At the end of summer (or really in the middle of summer) you should start thinking about your fall planting plans. Depending on your zone and growing season you may have a lot you can still grow into the September, October and November months in North America.
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When to start planting for fall?
This really depends on your USDA hardiness zones. These provide the first and last frost dates for areas in the United States. However, this is CRITICAL, if you live in the hot, dry or extra wet south you need to reconsider. Mostly you will count backwards from your first frost date on each of the foods you want to grow.
However, if you live in an area that regularly reaches 95F or above then many of your seeds will have trouble sprouting in the extreme heat. You may need to start your cold weather crops indoors in seed starter trays in order to get germination. For example, I start all my brassicas indoors while I wait for cooler weather to settle in.
I live in Louisiana, Zone 8B and our local land grant university puts out a wonderful planting guide that includes fall planting dates for my area. You can find it here.
- Start you fall crops no later than August 15th
- Try to start fall plants indoors in July
- The first frost date for zone 3 is September 15th
- You will need row covers, a green house or cloches to help extend your season
- Transplants should be start indoors before your last frost
- Plant only the most cold-hardy of vegetables and herbs
- There is definitely time for a fall garden
- In zone 8 there is usually a dead time where it is too hot to plant outdoors
- Start seeds indoors to help with fall transplants and wait until outdoor highs dip below 90 or 95
- You can plant many things as late as the end of September
- Check days to maturity
- Some crops can be stored in the ground over winter
- Zone 7 has a first frost date around the end of October
What to plant for the fall?
Many different plants really enjoy the cooler weather of the fall. If you live in zones lower than 6, you will need to have some sort of protection such as a hoop tunnel or cloches or good layer of mulch to weather some of the earliest light frosts.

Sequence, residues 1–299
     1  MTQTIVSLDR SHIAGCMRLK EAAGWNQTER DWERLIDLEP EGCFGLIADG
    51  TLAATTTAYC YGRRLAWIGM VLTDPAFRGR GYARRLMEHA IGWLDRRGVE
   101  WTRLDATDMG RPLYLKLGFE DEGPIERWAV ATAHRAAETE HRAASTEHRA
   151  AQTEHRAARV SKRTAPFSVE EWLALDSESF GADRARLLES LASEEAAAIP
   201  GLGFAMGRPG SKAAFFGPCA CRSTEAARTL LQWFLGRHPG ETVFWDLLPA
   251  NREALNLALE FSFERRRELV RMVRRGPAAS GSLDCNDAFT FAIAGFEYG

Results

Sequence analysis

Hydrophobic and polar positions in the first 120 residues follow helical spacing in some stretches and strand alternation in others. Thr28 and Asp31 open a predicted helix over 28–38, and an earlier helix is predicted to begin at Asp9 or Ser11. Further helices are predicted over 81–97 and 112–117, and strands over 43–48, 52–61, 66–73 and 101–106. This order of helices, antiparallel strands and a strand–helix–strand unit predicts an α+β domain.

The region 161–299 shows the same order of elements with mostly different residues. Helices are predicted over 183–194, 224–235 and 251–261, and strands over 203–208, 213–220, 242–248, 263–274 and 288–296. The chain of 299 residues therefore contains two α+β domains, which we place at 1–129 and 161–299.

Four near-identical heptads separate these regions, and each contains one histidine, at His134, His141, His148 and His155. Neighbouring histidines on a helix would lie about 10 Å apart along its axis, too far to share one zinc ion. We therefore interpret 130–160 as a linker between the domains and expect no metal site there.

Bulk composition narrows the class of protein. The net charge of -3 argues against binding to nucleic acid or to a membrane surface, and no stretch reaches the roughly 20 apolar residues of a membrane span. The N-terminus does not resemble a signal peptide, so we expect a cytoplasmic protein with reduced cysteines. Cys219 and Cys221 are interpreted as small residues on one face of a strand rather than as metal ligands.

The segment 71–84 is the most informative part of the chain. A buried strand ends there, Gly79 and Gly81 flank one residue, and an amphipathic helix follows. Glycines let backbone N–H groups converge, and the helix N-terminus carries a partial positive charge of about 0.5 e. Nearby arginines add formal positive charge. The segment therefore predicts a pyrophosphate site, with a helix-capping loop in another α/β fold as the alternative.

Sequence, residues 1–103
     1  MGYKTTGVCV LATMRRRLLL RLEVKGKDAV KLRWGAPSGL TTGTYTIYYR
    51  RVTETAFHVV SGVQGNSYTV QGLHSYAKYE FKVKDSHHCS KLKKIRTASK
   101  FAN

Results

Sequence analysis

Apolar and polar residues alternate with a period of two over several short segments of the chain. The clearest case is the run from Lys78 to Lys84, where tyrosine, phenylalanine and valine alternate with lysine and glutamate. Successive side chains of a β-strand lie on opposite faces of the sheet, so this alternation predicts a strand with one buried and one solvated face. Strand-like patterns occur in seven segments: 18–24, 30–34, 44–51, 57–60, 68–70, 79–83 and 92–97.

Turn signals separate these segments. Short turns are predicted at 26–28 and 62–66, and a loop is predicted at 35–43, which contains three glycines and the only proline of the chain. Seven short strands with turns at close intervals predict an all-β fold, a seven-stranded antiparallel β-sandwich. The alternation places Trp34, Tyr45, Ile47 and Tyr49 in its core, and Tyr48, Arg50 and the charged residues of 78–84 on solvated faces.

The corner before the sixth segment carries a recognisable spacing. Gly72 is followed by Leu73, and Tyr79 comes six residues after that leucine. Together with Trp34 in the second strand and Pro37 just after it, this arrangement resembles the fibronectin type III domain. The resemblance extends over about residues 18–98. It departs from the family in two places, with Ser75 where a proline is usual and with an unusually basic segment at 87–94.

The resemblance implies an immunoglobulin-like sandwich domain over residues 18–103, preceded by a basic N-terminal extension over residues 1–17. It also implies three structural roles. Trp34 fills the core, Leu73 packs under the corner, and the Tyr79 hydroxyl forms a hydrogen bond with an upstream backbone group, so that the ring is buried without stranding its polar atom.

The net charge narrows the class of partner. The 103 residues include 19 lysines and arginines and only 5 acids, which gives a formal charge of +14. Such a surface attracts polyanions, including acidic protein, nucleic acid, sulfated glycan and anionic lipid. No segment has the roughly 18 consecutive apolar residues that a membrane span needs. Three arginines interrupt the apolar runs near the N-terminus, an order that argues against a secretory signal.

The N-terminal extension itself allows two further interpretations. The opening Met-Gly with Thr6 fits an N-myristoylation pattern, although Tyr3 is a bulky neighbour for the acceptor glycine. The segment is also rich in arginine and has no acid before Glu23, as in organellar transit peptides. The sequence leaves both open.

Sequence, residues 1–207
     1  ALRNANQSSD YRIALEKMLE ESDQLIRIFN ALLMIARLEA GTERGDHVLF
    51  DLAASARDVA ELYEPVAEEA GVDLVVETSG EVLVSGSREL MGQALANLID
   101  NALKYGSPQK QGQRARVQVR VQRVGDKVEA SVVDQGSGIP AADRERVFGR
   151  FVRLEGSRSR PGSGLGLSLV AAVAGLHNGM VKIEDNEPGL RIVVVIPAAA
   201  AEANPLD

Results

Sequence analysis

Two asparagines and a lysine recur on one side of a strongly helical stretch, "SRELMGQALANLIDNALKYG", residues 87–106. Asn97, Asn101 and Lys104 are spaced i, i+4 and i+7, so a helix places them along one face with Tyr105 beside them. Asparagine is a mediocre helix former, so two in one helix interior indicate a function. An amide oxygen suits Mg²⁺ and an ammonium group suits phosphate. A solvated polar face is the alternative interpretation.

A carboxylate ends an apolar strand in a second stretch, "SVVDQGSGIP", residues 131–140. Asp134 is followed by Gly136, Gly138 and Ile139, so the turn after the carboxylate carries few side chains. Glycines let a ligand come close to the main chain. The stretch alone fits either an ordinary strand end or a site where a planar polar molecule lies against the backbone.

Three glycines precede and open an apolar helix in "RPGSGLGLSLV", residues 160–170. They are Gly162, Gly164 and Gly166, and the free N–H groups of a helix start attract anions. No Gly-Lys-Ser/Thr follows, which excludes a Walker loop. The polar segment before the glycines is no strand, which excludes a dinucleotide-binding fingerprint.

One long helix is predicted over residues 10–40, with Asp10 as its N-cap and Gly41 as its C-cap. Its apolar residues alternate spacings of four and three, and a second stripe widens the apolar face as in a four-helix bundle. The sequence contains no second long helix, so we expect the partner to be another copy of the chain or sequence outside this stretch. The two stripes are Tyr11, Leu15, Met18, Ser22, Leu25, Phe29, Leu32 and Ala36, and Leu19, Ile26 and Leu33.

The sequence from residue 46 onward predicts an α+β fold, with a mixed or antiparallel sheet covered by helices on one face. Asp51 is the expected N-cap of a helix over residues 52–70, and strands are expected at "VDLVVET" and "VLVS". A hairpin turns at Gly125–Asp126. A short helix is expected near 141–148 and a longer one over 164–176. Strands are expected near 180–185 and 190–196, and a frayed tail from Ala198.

Below are a list of plants that do great in the fall:
- Green beans
Fall planting in warm zones
In USDA hardiness zones of 7 and above there are further crops and considerations. Since your above freezing growing season is so long you can also grow other longer grow time crops. Below is a list of fall crops you can grow in the longer season zones:
- Fall tomatoes
- Summer squash
- Swiss Chard
- Bok choy
- Mustard greens
Harvesting fall crops
Of all the crops listed above, some can weather through cold spells and even get sweeter with a mild frost. However, some cannot make it and will die and ruin the crop if it is cold enough for ice. Most crops need to be harvested before the first frost. Keep a close on the temperatures. As soon as you see any temperature drop below 32F you may want to pull the remaining crop for several plants.
Plants that cannot handle any amount of frost are the “warm” season ones and include all squash, tomatoes, peppers, eggplant, okra, potatoes. Crops grown for greens can usually handle a little but not much as the frost will kill the inner cells of the plant. This includes spinach, mustard greens, collards, swiss chard. However, some of those are still very hardy such as kale and all the brassicas.
Finally, there are some that are planted in the fall so that they pop up in the spring. These include all the alliums (onions, leeks, garlic and bunching onions). If you live in more northern zones fall plantings of potatoes, cabbage, carrots and beets will hibernate in the winter and come up in the early spring. Just protect the area with some mulch such as straw.
What do you like to go grow in the fall? Let me know in the comments!
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